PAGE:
• How to Help Your Employees Cope with the Stress of COVID-19

Communication strategies to promote mental well-being in your workforce during & after the coronavirus pandemic

by Cal Beyer

Wednesday, April 1st, 2020


Construction is a people business built on healthy relationships and partnerships. Human capital risk management holds that employees are the primary asset of companies. Companies that truly care for workers yield a sustainable competitive advantage from building a caring culture.

A crisis is the best time to reinforce these beliefs. It is said that actions speaker louder than words. Winston Churchill said, “Out of intense complexities, intense simplicities emerge.” And so it is with the complexities and uncertainty of COVID-19. The intense simplicity emerging in the COVID-19 crisis is the essential need to maintain regular communication from company leaders promoting the mental well-being of the workforce.

The Rising Anxiety, Fear & Uncertainty

As a leader, you should provide ongoing communications that are honest, forward-looking and realistic. This communication strategy demonstrates to employees and business partners that your company is providing clear leadership during times of uncertainty and crisis. During COVID-19, it is important to acknowledge that the rising uncertainty is creating or compounding stress, anxiety and fear in your employees and their families.



A recent survey by a construction publication shortly after the onset of the pandemic in the United States revealed that anxiety among workers was the leading issue expressed about COVID-19 by almost 70% of respondents. The next highest issue was the shortage of materials at 23%. This reinforces the simple need to focus on the people in your companies.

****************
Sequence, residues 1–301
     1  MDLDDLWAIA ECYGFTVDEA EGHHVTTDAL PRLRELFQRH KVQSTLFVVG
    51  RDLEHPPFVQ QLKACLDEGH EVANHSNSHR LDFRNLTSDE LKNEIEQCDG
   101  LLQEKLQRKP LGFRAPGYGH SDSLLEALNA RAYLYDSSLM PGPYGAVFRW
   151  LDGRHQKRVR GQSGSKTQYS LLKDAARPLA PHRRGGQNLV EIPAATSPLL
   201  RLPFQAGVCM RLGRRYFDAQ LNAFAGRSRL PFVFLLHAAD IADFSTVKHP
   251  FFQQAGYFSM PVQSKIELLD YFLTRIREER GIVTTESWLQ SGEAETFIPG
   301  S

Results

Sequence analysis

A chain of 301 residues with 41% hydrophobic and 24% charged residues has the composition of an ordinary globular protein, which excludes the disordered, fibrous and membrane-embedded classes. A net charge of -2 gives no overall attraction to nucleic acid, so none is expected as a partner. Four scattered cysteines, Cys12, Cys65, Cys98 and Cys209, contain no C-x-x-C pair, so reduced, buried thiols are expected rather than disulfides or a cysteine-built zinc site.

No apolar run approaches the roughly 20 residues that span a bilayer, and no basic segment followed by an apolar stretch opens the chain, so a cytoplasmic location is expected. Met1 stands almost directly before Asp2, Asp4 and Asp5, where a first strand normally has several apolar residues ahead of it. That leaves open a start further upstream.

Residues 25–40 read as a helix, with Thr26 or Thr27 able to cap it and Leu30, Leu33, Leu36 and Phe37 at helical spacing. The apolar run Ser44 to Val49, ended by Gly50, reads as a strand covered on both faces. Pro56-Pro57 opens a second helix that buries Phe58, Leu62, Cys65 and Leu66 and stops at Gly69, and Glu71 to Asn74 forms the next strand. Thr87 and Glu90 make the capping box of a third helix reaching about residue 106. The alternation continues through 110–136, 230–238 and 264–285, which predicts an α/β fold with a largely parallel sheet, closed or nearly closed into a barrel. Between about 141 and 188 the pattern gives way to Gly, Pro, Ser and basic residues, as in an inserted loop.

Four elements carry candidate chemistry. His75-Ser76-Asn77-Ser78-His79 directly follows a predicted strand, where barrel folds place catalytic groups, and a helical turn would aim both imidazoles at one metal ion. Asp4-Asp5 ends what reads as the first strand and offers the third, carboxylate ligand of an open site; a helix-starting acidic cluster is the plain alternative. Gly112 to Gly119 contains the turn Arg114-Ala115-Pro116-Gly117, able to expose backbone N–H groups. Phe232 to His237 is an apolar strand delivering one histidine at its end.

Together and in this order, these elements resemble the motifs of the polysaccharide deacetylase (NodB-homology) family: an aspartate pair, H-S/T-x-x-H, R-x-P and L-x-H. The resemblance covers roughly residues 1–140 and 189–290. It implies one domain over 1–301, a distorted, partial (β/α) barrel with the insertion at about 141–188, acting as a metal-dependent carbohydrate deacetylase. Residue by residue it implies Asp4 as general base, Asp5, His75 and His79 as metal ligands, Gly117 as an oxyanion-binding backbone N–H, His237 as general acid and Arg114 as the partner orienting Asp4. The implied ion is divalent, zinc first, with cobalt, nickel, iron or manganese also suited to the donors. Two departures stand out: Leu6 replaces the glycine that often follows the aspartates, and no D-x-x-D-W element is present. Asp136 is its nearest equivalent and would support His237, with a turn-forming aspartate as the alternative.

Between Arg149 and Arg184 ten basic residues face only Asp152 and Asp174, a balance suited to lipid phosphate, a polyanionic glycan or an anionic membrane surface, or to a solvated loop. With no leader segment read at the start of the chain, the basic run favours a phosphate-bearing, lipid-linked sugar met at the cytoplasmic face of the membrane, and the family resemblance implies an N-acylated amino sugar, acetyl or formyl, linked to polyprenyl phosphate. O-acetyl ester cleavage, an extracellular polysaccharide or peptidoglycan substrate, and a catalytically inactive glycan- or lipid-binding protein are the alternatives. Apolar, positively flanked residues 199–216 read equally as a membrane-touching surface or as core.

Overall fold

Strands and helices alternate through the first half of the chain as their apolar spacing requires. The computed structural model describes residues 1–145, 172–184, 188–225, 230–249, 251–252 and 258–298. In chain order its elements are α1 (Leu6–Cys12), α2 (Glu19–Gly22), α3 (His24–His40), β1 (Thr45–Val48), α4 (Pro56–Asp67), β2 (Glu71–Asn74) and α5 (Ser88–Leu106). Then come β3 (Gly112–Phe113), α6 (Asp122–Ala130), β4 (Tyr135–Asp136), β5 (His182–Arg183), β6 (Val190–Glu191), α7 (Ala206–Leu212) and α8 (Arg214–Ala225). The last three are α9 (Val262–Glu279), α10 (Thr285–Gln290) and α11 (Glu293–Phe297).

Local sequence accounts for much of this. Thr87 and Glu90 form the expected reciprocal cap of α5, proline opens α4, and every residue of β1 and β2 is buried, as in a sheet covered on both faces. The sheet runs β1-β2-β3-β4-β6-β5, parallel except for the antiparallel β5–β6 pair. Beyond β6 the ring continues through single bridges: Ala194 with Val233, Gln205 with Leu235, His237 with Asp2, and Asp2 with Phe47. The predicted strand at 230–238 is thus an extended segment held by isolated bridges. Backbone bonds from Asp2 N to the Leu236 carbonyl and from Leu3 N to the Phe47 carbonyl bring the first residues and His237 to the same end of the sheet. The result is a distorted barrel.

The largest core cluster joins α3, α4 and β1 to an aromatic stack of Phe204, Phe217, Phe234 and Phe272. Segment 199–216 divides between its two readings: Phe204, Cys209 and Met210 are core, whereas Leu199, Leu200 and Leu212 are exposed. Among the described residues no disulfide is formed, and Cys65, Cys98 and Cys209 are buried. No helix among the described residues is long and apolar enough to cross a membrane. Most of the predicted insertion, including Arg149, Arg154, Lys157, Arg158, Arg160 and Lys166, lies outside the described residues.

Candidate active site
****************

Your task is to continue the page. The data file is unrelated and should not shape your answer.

During the COVID-19 crisis, construction workers are nervous about the uncertainty and the negative news, including the tumbling economy and its many ripple effects, including:

  • Concern for their health and the well-being of their families
  • Potential layoffs or job losses
  • Interrupted earnings or health-care benefits
  • Rising expenses and debt
  • A threatened outlook for their retirement

The broad shelter-in-place orders in many states are moving many workers deemed “nonessential” into their homes to work. The sudden adoption of working remotely, combined with schools closing and required online homeschooling options, has created additional stress and chaos.

These stressors are creating a pressure-cooker environment in the homes of the workforce. The levels of stress, anxiety, worry and fear are rising among construction leaders, supervisors and workers of every level and in every job.

A Triple Threat

COVID-19 is disrupting our lifestyles, disturbing our routines, distracting our focus and concentration and draining our patience. COVID-19 is a triple threat to construction companies and their workforce.


First, COVID-19 threatens to exacerbate the underlying mental health conditions of our employees and family members. Approximately 20% of the U.S. population has an underlying diagnosable mental health condition. The conditions with the highest prevalence among the active workforce include anxiety and panic disorders, depression and substance-use disorders.

Second, COVID-19 creates isolation and separation from the protective aspects of work, the so-called psychosocial benefits of work. This is happening in many forms, including:

  • Office closings
  • Project shutdowns
  • No group meetings greater than 10 people
  • Smaller work crews in the field or in the office
  • Staggered shifts in the office or in the field